Aaron Rodgers Is Still Complaining About Cancel Culture And It Isn't A Good Look

·2 min read

Aaron Rodgers is now canceling “cancel culture.”

The unvaccinated Green Bay Packers quarterback wore a hoodie with a line through the words “cancel culture” during a radio show appearance on Tuesday. (Watch the video below.)

But he didn’t repeat his earlier rant about the “woke mob” hammering nails into his “cancel culture casket” after he misled the public about his vaccination status, caught COVID-19 and was then criticized for his wackadoodle comments in an interview.

Tuesday’s version of Rodgers, who is having a great season despite a broken toe, showed the star being more careful with his words but still spouting some questionable stuff — like how he appeared to self-medicate during his recovery from the disease, which has killed more than 800,000 in the United States.

“The other thing that hasn’t been talked about is treatments,” Rodgers said on “The Pat McAfee Show.” “I’ve talked to a lot of friends who had COVID, including Joe [Rogan], and figured out a protocol in case I had COVID.”

Part of that regimen included ivermectin, an antiparasitic drug that is commonly used to deworm livestock. Rogan, a podcast host, has promoted it as a cure for COVID. Rodgers had previously touted Rogan’s supposed expertise on “The Pat McAfee Show.” The quarterback also suggested then that the vaccine could cause sterility and that natural immunity from infection was stronger protection than a vaccine. (Neither of these claims are true.)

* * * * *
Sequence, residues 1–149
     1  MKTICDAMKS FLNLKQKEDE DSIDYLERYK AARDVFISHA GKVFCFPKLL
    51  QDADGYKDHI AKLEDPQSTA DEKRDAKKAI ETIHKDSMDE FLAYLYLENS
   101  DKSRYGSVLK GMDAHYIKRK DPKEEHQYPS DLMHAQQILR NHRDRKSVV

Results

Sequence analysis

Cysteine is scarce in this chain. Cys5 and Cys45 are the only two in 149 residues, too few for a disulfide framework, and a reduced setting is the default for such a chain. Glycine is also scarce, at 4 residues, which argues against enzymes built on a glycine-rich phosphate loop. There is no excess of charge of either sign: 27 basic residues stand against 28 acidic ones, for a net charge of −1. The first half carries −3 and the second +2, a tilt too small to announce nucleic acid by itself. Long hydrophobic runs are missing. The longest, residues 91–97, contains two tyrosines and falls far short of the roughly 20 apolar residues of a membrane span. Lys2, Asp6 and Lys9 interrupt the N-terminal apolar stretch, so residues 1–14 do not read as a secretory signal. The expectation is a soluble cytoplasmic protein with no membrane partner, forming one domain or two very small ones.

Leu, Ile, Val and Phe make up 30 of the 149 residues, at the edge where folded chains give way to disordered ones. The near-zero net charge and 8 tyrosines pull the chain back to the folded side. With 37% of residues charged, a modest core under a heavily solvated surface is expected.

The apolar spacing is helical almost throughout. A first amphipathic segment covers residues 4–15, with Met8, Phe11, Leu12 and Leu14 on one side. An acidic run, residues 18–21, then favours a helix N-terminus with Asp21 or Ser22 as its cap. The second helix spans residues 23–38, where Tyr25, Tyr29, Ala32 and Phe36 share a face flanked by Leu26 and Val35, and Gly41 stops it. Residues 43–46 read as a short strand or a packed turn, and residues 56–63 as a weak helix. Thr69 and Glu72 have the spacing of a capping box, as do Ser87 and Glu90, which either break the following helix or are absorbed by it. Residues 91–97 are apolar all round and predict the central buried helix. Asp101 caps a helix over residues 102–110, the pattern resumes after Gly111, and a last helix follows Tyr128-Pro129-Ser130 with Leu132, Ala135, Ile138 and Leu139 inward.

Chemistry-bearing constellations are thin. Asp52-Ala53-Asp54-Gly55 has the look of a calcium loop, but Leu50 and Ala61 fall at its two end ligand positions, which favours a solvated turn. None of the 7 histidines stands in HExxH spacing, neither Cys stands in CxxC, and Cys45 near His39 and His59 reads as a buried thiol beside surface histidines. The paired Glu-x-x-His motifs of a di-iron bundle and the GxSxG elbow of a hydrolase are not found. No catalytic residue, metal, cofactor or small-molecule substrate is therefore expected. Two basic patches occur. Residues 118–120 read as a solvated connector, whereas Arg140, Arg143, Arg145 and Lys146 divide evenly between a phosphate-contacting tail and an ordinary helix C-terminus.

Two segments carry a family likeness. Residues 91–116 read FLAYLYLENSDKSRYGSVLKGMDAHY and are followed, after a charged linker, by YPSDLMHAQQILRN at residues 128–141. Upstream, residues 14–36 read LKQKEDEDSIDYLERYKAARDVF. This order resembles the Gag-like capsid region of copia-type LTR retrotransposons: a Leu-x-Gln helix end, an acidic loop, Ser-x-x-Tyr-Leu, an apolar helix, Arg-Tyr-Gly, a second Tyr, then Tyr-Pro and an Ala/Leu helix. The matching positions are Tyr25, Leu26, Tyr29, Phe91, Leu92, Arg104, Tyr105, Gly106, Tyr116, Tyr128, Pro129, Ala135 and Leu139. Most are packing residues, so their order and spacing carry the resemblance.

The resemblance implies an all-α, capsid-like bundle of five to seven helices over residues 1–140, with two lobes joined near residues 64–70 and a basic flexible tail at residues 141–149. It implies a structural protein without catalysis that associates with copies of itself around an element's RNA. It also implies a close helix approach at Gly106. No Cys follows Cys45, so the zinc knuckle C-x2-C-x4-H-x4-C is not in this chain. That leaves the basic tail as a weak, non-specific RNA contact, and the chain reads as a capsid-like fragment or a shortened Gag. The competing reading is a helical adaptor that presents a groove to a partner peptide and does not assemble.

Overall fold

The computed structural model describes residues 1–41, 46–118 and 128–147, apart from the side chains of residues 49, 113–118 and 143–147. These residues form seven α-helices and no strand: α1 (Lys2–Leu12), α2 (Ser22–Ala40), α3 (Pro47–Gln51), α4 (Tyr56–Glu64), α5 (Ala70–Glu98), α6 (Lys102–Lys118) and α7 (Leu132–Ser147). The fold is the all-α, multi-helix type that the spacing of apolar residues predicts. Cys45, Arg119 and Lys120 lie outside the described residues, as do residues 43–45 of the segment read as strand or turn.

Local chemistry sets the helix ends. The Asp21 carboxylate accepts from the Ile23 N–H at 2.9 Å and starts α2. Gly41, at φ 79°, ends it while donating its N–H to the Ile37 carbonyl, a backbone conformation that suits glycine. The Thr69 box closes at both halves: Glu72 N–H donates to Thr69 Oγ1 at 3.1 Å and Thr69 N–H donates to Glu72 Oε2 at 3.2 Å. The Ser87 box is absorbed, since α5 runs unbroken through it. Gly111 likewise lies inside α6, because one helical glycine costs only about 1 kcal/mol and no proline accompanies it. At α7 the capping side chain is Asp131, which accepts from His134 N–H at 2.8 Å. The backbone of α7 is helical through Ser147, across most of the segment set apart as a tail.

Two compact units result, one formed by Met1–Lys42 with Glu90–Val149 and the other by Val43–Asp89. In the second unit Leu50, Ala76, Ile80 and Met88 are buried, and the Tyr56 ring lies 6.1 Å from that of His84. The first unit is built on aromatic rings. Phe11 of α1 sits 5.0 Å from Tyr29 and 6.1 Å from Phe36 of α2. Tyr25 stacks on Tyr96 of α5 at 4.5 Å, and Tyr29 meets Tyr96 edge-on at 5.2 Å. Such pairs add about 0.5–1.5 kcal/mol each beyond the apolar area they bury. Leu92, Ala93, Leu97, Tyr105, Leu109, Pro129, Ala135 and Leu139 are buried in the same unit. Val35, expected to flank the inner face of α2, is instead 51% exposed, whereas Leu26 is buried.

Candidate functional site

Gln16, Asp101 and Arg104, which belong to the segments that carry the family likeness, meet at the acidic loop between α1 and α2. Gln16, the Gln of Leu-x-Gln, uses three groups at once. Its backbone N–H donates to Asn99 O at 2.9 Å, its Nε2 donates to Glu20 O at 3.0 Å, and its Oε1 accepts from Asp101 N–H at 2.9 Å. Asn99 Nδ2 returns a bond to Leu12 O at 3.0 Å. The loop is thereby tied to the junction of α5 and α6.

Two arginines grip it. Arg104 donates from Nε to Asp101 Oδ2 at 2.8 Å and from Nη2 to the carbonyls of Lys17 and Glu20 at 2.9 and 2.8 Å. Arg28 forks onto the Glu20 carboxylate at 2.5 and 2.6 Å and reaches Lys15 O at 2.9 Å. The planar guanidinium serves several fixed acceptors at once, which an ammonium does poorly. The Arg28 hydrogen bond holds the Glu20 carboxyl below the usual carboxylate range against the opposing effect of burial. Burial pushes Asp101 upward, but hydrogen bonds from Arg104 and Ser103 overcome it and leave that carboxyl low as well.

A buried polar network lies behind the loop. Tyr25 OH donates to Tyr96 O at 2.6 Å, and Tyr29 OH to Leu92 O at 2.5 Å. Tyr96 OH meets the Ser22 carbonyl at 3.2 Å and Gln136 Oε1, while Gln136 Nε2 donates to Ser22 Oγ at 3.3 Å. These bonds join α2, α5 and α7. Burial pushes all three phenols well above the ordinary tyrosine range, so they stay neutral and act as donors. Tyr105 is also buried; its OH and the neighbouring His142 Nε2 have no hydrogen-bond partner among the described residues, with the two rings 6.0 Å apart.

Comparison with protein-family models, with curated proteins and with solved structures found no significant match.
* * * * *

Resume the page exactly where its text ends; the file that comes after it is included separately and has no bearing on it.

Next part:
Rodgers proclaimed on Tuesday that “society” has not discussed proven treatments like monoclonal antibodies. That is also wrong.

Rodgers said that the NFL used “coercion” to try to get players vaccinated but now “obviously it’s been revealed that nonvaccinated players are not these dangerous superspreaders.”

More than 100 players ― many inoculated ― have tested positive recently, prompting the NFL to rethink its safety and game cancellation protocols as the omicron variant rages.

The Centers for Disease Control and Prevention has said that the emergence of the variant “further emphasizes the importance of vaccination and boosters” to prevent severe illness and death.

This article originally appeared on HuffPost and has been updated.